A one-two punch of dangerously frigid temperatures and gusty winds will wallop parts of the Northeast and Midwest on Friday and Saturday after a major storm left piles of snow and thousands of power outages along the East Coast.
Millions in these regions will bundle up against temperatures in the single digits and teens during the day and near or below zero at night.
But wind chills will make it feel far colder: as low as 20 to 40 degrees below zero in parts of the Northeast.
The brutal cold comes after a “bomb cyclone” dumped more than a foot of snow across eight states, knocking out power for tens of thousands and deluging streets in Massachusetts with icy water.
The storm has moved away, but strong winds remain in the Northeast, challenging crews who are trying to restore power and disruptions to indoor heating — a major concern with these dangerously chilly conditions.
The storm heaped plenty of misery across the region. Waves from the sea washed into Boston streets — the tide in the harbor matched a record of 15.1 feet set during the blizzard of 1978.
Stunned residents had to flee their homes in coastal Massachusetts as frigid waters poured into their streets and engulfed their cars in ice.
• Fast-moving weather: The storm moved quickly, and the center of the system and its highest winds stayed offshore, CNN meteorologist Tom Sater said.
• Freezing cold: Wind and cold temperatures will be threats on Friday and Saturday. Wind chills will be brutal this weekend, with some areas in the Northeast feeling like it is 40 below zero. Saturday is expected to be the coldest day.
• Deadly conditions: At least 17 people have died this week due to severe weather, officials said. Six deaths were reported in Wisconsin, four in Texas, three in North Carolina, and one each in Michigan, Missouri, North Dakota and Virginia.
• Going dark: More than 7,800 people along the East Coast were without power, according to reports from five states. The power outages is a major concern, especially for those in dangerously low temperatures.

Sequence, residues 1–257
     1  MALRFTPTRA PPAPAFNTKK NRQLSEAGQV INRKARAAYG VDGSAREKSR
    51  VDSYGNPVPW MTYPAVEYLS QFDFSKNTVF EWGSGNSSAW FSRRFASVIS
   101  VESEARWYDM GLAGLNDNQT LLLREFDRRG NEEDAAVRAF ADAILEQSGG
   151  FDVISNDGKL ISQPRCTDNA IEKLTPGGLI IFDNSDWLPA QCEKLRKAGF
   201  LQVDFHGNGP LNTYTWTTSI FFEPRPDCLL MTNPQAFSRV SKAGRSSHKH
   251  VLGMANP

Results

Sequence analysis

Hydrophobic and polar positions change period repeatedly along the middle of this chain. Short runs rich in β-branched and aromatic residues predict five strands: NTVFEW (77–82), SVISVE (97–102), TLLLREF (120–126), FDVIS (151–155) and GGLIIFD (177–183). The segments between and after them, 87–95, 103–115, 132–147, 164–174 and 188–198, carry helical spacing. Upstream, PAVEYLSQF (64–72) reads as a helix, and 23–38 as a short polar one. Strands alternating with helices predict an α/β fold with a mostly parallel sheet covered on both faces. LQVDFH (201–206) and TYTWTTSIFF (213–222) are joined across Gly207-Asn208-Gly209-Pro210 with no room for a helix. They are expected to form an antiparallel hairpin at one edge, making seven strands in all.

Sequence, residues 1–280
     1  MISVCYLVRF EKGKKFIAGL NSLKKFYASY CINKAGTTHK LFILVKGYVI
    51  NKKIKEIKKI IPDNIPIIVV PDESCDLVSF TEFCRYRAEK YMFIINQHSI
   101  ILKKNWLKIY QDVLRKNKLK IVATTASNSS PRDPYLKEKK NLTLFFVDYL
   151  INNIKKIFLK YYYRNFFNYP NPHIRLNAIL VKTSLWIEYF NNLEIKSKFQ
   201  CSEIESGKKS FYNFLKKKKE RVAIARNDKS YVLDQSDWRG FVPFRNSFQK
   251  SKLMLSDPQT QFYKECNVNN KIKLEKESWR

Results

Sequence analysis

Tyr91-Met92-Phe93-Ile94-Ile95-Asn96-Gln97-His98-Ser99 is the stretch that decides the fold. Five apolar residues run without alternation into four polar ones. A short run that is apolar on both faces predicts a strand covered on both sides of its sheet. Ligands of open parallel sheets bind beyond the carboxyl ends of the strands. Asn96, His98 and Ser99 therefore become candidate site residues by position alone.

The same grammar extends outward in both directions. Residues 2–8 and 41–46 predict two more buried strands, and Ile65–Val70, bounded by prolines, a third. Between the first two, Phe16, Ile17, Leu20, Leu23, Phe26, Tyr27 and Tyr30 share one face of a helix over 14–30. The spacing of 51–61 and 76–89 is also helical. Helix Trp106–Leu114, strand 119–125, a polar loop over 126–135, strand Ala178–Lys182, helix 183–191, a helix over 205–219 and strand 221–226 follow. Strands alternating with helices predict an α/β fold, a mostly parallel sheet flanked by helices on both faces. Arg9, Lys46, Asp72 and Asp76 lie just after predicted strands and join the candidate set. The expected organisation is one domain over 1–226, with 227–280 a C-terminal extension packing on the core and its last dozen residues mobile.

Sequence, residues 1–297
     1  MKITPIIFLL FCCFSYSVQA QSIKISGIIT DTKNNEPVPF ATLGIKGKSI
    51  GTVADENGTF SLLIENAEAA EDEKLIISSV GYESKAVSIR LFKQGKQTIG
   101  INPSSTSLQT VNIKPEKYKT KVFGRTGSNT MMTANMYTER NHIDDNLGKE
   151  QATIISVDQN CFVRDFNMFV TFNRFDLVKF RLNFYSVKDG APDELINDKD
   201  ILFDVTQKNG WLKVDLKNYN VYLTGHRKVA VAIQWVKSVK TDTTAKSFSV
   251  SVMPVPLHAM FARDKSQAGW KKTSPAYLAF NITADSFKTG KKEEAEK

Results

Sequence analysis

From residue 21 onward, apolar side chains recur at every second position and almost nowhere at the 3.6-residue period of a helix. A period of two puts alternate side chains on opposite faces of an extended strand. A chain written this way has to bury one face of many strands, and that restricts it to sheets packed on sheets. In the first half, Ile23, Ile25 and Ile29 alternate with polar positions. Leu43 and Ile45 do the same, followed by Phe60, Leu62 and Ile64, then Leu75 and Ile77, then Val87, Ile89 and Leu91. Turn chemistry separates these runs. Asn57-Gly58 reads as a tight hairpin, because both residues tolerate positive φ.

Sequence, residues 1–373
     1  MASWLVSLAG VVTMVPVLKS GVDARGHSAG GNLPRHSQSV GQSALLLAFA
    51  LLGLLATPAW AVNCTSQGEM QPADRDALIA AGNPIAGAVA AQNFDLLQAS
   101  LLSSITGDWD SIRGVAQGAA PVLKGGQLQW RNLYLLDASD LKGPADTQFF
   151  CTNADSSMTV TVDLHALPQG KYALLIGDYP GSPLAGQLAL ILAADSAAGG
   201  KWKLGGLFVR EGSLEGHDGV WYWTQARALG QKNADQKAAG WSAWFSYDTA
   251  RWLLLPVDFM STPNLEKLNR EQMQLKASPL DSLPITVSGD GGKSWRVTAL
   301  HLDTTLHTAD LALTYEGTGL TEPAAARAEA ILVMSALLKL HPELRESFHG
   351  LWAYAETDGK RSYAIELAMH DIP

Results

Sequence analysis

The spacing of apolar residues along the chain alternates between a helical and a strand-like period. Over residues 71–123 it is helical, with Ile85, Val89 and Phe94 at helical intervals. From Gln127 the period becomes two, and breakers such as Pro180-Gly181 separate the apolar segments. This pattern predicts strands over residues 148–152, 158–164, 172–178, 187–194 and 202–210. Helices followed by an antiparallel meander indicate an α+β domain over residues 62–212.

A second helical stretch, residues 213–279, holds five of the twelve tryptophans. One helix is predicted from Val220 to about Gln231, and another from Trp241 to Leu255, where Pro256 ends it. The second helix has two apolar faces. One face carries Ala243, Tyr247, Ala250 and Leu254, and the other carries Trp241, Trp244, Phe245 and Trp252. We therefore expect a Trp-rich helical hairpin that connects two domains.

Emerging from the storm
On Thursday, streets in coastal Massachusetts turned into slushy rivers as the storm triggered flooding.
Firefighters and the National Guard scrambled to rescue dozens of residents stranded by freezing water pushing from the Atlantic. First responders braved the frigid waters using rubber rescue boats and high-water vehicles.
In Hull, Massachusetts, just to the southeast of Boston, the icy mess inundated street with water above the wheel wells of cars and coming up to the doors of homes.
Some were forced to flee their homes. In one case, the fire department used a front-loader to rescue a woman from the second floor of her home, photos from neighbor Jennifer Olivieri show.
Restoring power will be a challenge in some areas.
Connecticut Gov. Dan Malloy said Thursday that about 2,000 people in his state were without power and that getting the lights back on could take longer than usual because of wind.
Connecticut, Maine, Massachusetts, New Hampshire, New Jersey, New York, Rhode Island and Virginia reported at least a foot of snow Thursday.
Dedham, Massachusetts, had 19 inches of snow, according to the National Weather Service. Meanwhile, 13.4 inches came down in Boston; 9 inches covered the ground in Manhattan; 10.2 fell in Hartford, Connecticut; and 14.1 inches were measured in Providence, Rhode Island.
Travel disrupted on East Coast
More than 1,000 flights have been canceled Friday, following the 4,300-plus ones called off a day earlier, the tracking service FlightAware said.
New York’s John F. Kennedy International Airport resumed flights Friday morning. Travel disruptions affected Greyhound buses and Amtrak, which reduced or canceled service.
Officials urged drivers to stay off the roads, saying too many people were getting their cars stuck.
“We want to clear the streets,” Boston Mayor Marty Walsh said Thursday.
With the snow largely over, cold air is settling through swaths of the Midwest and East Coast. Dozens of cities are set to endure record-breaking cold, CNN meteorologist Brandon Miller said.
“Temperatures will be falling through the day as Arctic airmass moves overhead,” the National Weather Service in Boston said via Twitter early Friday.